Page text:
Exhibit 8/8: Industrial Medicine as a New Career for Dr. Mickael “Industrial Medicine” is an emerging physician specialty. Training in this new ﬁeld entails postgraduate work and board certiﬁcation.
As yet, only a few schools provide such training. One is located in Cincinnati, Ohio, which is geographically close enough to be feasible for Dr. Mickael. The time spent in actual attendance amounts to one two-week training period beginning in June of the year in which a physician is accepted for the training. Two additional training periods are each one week in duration: these take place in the months of October and March. After this, the physician was expected to individually study for and take the board certiﬁcation exams, which were given only once per year; the exams were comprehensive and extended over a two-day period.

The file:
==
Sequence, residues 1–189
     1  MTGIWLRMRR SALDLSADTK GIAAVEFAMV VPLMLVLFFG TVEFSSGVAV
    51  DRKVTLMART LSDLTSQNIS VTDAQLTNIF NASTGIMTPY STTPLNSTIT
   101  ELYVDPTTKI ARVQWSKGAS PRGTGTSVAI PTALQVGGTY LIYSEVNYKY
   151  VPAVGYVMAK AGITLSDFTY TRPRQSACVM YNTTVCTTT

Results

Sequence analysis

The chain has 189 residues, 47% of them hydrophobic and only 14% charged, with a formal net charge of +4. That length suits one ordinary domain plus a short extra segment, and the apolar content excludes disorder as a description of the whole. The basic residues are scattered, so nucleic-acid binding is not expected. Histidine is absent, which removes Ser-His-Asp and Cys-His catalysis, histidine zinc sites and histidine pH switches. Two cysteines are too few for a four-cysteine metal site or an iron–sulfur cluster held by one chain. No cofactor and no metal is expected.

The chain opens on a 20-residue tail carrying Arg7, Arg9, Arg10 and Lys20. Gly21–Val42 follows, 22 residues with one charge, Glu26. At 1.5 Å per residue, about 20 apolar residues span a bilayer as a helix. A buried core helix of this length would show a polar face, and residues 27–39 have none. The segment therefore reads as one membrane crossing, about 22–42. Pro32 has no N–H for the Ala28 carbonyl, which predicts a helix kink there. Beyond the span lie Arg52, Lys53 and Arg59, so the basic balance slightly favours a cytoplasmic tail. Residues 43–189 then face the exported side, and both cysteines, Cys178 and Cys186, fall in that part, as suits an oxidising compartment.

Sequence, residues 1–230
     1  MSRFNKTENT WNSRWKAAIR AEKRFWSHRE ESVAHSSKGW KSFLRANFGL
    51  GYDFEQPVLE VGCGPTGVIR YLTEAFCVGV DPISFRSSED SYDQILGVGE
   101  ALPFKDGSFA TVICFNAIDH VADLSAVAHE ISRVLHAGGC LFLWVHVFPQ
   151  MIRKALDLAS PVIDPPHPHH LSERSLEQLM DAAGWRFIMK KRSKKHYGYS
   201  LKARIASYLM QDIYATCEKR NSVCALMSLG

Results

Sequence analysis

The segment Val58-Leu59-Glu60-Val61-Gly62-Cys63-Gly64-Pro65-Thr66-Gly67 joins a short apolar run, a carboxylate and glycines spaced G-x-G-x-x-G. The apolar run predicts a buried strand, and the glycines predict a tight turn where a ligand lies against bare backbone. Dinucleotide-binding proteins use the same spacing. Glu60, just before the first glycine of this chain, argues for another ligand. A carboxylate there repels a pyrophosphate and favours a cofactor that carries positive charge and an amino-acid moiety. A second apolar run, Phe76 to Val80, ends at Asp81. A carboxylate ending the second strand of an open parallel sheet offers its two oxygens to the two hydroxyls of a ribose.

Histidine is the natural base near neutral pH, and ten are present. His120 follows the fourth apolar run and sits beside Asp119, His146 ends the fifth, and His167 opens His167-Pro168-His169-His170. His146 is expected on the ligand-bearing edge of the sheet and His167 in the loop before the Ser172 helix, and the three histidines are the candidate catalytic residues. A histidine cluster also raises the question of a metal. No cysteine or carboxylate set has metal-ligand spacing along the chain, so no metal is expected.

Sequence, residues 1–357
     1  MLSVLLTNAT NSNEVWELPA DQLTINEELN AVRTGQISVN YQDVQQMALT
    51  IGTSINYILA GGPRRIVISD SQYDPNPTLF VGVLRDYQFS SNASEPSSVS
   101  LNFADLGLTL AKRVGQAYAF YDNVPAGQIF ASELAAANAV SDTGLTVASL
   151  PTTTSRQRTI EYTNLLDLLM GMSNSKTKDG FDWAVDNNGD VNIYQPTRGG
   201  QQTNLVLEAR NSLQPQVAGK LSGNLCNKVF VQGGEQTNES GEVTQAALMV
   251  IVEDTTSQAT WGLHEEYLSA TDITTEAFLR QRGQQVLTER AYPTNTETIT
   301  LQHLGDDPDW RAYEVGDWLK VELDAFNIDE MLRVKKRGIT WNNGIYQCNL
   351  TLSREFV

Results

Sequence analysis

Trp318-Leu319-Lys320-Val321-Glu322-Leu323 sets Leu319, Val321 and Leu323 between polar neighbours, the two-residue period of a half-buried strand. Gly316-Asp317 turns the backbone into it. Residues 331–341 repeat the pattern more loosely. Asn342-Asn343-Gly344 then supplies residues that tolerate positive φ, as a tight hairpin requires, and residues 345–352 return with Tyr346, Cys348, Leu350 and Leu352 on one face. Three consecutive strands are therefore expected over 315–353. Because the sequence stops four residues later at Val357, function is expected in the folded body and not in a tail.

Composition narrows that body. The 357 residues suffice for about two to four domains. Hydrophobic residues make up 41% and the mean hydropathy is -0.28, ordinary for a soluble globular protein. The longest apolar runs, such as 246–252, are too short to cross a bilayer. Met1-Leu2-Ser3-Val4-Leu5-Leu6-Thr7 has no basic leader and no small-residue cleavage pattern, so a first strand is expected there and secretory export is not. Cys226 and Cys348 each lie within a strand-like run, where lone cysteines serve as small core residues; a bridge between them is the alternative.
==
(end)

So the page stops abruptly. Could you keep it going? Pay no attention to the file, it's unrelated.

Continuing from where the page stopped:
Training Program Costs: Industrial Medicine
University Residency: Three, on-site class sessions $4,000.00 Per night cost for room 47.87 Books and supplies (total) 580.53 Transportation, Air: Three, round-trip fares $1,650.00 Transportation, Ground: Car rental, per week with unlimited mileage $125.45
initial hospital proposal to buy me out indicated that my practice was worth about $175,000. So that means I should be able to negotiate with Dr. Charles for a little less than $200,000.” It was 9:30 P.M. when Dr. Lou ﬁnally left the ofﬁce, and he still had hospital rounds to make. “This is another situation caused by these insurance regulations,” he thought. “I feel as though I’m continuously updating patients’ hospital records throughout the day, and more of my patients require hospitalization more often than they did when they were younger. All things being equal, I’m earning considerably less for doing the same things I did a decade ago, and in addition the paperwork has increased exponentially. There has to be a better way for me to deal with this business of practicing medicine.”